You are not permitted to download, save or email this image. Visit image gallery to purchase the image.
Economic Development Minister Gerry Brownlee and Arts and Culture Minister Chris Finlayson met husband and wife filmmakers Sir Peter Jackson and Fran Walsh at the Beehive this morning over the issue, which has actors and producers locked in an industrial dispute over employment terms and conditions for actors on their planned two-part adaptation of the JRR Tolkien book.
Mr Brownlee also met New Zealand Actors' Equity union representative Jennifer Ward-Lealand last night.
Mr Key this afternoon said the last thing the Government wanted to see was The Hobbit films being made elsewhere but that it had no plans to offer further financial incentives to keep them here.
The Big Budget Film Grants Scheme gives such productions a 12.5 percent grant already.
"I don't think we would want to be responding to demands from a union by increasing the subsidy from the Government. I don't think that's the right response," he said.
"The parties need to try and resolve those issues themselves.
"(But) reading the tea leaves, it looks as if progress is being made.
"If it's not made, then we may well have a look and see what the next steps might be but we're hopeful we can make progress."
The film's co-writer and co-producer, Philippa Boyens, today warned it was far from certain that it would be shot in New Zealand.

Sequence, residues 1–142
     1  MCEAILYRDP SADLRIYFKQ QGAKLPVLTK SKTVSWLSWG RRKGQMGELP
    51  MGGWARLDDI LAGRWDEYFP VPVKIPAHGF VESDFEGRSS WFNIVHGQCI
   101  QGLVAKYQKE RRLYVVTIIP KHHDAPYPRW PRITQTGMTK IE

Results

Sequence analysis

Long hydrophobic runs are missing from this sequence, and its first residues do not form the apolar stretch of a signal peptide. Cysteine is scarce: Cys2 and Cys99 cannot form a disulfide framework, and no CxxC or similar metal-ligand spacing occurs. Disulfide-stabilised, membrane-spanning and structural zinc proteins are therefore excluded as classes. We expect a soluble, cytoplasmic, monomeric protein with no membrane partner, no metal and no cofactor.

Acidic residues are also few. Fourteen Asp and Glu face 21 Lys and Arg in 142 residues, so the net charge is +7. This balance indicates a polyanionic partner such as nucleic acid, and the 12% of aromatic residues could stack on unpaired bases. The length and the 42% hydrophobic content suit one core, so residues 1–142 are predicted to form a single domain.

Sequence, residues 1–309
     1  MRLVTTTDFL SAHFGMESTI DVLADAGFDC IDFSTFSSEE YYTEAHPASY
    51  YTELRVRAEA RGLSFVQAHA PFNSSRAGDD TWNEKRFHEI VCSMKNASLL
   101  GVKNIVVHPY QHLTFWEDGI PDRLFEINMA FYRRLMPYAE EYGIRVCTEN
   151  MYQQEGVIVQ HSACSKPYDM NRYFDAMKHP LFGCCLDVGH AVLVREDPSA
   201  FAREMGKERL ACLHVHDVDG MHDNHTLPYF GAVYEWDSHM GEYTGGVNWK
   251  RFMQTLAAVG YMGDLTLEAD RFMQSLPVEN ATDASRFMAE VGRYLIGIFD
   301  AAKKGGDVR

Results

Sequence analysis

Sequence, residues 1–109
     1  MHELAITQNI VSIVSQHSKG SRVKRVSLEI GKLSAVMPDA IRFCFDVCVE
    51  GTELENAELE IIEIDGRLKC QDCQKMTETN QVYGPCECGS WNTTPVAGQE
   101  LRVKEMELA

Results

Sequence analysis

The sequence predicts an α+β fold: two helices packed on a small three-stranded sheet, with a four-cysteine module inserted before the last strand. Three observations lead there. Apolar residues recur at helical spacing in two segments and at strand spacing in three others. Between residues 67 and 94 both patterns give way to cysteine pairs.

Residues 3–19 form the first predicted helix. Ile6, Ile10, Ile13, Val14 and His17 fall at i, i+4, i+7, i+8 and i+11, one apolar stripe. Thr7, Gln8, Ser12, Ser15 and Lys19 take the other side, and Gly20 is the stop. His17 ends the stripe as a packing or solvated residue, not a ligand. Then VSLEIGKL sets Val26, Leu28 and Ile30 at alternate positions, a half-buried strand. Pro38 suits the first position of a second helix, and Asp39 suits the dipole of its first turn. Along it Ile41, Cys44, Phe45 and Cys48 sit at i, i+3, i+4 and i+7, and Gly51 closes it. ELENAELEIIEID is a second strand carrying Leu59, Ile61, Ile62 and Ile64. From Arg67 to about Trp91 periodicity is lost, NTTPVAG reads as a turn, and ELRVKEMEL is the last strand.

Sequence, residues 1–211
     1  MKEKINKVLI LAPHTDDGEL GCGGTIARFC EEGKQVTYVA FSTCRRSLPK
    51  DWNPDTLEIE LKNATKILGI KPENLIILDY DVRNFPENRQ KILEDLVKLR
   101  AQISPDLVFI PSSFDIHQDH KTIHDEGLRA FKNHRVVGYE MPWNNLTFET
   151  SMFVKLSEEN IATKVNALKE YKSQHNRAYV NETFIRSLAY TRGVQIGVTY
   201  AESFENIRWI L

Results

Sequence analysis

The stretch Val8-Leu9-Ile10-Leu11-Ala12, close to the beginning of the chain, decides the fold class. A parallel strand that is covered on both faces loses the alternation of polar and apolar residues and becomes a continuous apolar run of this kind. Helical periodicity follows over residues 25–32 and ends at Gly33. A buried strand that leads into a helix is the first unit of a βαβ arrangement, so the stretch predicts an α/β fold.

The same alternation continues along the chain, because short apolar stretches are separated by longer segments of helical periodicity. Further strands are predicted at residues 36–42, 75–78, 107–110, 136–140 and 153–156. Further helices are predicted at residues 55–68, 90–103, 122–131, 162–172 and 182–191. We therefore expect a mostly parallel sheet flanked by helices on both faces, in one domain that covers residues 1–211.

The dispute had damaged New Zealand's film reputation and "thrown doubt on how stable our industry is in terms of industrial relations", she told Radio New Zealand.
"That is what is being put in jeopardy - not whether the production goes forward, but whether it's made here."
A number of countries were lobbying for the film to be moved offshore, including Scotland, Ireland, Canada, Australia and countries in Eastern Europe.
"It's not a game because right now, in America, Warner Brother's studios are running the numbers on five to six different locations. That's very real - and that has put at risk the livelihoods of countless thousands of New Zealand industry workers."
The actors' unions had been naive in their demands, and had jeopardised the production's future in New Zealand, Boyens said.
The New Zealand Actors' Equity union said yesterday it was "hopeful" its disagreement with producers could be resolved.
Council of Trade Unions president Helen Kelly declined to confirm reports the spat was near resolution.
Meanwhile, Boyens confirmed Hollywood media reports over the weekend that a deal over the rights to JRR Tolkien's book was close to being signed, and the film would soon get the go-ahead from studios.
"I think it's looking hopeful, but it's not signed yet," she said.
"The rights are tied up in an extremely messy, entangled way, and the studios involved in the making of the picture - MGM and Warner Brother's New Line - have been going through extensive talks to resolve that issue."
The reports cited anonymous sources which said a production could begin as early as January for a 2012 release.
It was also reported the film would be shot in 3D.